Today as I walked around Saugatuck, MI, I spotted a small child (about 9 or 10) reading a book at a restaurant. Suddenly I was completely overcome by a smile. Then, that smile turned into envy. I was envious that the girl or boy (I don’t remember) was allowed to bring a book to the table. It seemed to me that at such a young age that child couldn’t appreciate the opportunity to escape from table conversation into a different world.
Why is it that at a certain age it becomes inappropriate to bring a book to the table at meal time? Yes, yes I do understand that during meal times you’re supposed to interact with others around the table and that it can be a time of stimulating conversation (especially when discussing my favorite topic – religion). What I don’t understand is the imaginary line where reading at the table becomes taboo. I used to read at the table, because I was too young to participate in the “grown-up” conversations. Of course, that wasn’t always true, but it was the line used to explain the small child with long blonde hair and round glasses who had her nose in a book the entire meal – sometimes forgetting to eat. Then, I grew up and was expected to keep the book away from the table. Why?!
Maybe I’m just anti-social? Maybe my over active imagination is more interesting? Or maybe it’s because the topics I enjoy discussing are dining table taboo, but I can’t sit at drawn out meals and sincerely enjoy every conversation or actually pay attention. When I do have to suffer through such meals I find myself wanting to pull out a book, but that escape is too obvious and frowned upon at this age. What I’ve discovered I end up doing, and what the small child in Saugatuck reminded me of, is I return to a childhood pastime. I make up stories in my head about the items on the table.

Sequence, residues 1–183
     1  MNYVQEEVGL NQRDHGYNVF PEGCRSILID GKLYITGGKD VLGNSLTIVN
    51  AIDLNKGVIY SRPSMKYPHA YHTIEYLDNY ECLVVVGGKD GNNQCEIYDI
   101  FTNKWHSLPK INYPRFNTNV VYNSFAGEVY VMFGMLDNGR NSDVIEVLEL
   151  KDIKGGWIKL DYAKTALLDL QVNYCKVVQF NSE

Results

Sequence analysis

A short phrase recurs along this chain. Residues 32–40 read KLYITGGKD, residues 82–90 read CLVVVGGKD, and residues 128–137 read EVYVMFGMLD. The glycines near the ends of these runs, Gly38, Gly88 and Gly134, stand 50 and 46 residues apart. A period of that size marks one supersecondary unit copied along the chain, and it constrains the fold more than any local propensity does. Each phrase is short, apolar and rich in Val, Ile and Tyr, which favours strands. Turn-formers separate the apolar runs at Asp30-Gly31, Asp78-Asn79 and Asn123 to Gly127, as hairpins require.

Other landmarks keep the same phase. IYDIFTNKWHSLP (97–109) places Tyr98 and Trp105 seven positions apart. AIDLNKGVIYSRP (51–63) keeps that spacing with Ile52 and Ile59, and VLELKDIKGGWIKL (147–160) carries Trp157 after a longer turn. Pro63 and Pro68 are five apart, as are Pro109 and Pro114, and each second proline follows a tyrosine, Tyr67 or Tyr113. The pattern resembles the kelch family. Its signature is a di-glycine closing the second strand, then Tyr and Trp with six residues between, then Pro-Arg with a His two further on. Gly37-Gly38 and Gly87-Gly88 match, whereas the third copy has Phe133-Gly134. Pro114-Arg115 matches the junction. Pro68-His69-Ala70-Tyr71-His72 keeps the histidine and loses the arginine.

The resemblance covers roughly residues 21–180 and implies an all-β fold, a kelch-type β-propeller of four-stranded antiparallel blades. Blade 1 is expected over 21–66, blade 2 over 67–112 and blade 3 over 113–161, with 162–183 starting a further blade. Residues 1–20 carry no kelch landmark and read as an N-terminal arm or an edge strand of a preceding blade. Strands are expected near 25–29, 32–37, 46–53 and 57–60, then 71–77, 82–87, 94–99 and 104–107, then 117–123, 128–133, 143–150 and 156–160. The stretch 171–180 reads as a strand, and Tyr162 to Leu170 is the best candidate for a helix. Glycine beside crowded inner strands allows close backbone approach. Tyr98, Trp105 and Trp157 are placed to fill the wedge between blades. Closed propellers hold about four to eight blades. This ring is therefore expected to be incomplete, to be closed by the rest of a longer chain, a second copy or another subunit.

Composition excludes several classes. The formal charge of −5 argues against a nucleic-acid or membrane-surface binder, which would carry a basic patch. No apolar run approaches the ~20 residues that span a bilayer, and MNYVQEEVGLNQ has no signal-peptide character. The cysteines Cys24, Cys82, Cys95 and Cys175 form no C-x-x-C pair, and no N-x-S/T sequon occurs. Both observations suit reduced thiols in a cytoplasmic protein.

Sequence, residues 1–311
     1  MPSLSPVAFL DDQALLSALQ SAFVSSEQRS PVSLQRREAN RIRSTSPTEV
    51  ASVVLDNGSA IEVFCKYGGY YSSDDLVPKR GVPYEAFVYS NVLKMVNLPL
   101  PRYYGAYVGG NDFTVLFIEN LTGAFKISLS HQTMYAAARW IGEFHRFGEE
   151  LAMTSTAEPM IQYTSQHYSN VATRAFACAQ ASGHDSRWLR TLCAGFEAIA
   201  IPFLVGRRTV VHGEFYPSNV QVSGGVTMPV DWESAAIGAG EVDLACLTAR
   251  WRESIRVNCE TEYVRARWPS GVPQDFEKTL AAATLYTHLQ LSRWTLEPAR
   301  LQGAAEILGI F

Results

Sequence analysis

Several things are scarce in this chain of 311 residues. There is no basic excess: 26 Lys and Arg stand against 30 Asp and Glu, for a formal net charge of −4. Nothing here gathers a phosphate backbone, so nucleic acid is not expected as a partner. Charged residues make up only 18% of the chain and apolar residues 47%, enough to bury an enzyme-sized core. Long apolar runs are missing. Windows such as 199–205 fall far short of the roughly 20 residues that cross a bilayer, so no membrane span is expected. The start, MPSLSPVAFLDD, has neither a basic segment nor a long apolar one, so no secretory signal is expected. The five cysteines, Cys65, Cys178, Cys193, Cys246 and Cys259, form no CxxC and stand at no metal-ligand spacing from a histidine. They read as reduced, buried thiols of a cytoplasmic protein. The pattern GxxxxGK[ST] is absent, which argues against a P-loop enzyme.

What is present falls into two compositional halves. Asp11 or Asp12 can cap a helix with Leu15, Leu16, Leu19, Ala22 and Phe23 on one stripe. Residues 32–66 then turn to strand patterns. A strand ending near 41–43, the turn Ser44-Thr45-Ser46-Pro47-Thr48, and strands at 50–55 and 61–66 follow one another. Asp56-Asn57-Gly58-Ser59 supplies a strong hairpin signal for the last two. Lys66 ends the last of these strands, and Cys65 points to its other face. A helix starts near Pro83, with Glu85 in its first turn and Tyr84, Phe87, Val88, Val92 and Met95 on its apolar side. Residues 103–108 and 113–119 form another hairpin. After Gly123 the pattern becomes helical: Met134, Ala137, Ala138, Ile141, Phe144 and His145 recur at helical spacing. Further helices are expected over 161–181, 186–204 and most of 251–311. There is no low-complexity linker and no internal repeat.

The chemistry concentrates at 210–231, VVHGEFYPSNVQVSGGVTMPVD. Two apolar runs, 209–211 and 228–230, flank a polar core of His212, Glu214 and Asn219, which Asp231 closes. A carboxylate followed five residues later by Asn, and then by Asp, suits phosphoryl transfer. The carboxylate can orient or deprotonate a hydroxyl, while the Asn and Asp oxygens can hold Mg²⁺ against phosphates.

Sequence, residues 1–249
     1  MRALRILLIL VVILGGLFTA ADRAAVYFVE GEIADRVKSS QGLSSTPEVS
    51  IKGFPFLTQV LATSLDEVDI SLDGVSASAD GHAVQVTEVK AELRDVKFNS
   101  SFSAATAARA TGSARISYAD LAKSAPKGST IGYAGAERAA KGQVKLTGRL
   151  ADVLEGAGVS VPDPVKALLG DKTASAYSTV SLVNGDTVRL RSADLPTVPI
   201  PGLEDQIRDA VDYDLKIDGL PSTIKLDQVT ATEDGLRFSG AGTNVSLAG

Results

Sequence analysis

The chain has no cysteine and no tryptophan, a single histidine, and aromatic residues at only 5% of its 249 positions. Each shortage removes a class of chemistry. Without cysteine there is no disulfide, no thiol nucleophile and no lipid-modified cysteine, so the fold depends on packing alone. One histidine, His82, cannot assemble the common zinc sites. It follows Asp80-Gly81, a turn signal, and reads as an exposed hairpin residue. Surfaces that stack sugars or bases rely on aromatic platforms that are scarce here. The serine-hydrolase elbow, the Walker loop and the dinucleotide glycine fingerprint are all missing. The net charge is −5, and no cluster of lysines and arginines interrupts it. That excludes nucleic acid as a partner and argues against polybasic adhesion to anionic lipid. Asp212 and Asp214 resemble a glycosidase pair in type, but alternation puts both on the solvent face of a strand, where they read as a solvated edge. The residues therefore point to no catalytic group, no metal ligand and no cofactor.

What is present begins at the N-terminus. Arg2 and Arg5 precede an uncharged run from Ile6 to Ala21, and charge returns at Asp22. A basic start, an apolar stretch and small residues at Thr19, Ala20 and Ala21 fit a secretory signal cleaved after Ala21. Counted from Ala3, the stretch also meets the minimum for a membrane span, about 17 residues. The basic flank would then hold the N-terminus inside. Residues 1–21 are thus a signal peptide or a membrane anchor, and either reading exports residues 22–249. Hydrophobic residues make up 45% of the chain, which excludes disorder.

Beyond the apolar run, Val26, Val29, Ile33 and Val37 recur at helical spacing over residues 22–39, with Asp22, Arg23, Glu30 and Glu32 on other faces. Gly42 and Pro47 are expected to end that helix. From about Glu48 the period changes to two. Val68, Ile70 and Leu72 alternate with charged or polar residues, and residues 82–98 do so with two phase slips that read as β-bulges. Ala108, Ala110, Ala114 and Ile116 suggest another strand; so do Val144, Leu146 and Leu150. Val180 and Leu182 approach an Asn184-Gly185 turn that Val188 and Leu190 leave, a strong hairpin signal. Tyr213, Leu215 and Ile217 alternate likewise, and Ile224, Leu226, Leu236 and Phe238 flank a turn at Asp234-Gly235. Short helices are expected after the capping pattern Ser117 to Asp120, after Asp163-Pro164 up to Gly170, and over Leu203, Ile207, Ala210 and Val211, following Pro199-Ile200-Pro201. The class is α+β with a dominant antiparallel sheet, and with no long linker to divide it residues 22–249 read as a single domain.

As a child, when I didn’t have a book and before I could read, I would play pretend with the objects on the table. Mr. Fork and Mr. Knife were friends with Ms. Spoon. Sometimes, if they were lucky, Mr. Fork or Mr. Knife would be married to Ms. Spoon. They would go for strolls among the Glass Stem Trees and watch the Sugar Packet Creatures run wild. Ms. Spoon lived on the Plate (Mr. Fork and Mr. Knife never really had a home) and enjoyed watching the Candlelight Sun/Moon. On special days, Mr. Pepper and Mrs. Salt would visit. Sometimes the sugar packets wouldn’t be creatures, but Salt and Pepper’s multitude of children. One can only imagine how chaotic those visits to Ms. Spoon must have been with a slew of children in tow. Yes, life in the Merry World of Utensils was very entertaining.
Now, many, many years later as I begin to zone out during meals I glance at Mr. Pepper and Mrs. Salt. I smile and whisper hello to them in my head and as they update me on the goings-on of Utensil World. I then glance by my hands and see Fork looking longingly at Spoon who, as usual, is caught up in conversation with Knife. Sometimes I even catch myself reaching for the sugar packets to pull them closer to their parents, but I always cover it up by asking if anyone wants sugar with their coffee.
Despite the “grown-ups” best efforts I still manage to escape the tedium of long dinners. Yes, in this case I’m not a “grown-up.” I am still that little kid reading or playing with the silverware, while my parents eat their lunch and talk about adult things. Thank you small child in Saugatuck for reminding me that they may make me check my books at the table, but my imagination and Utensil World are still active when the meal gets boring.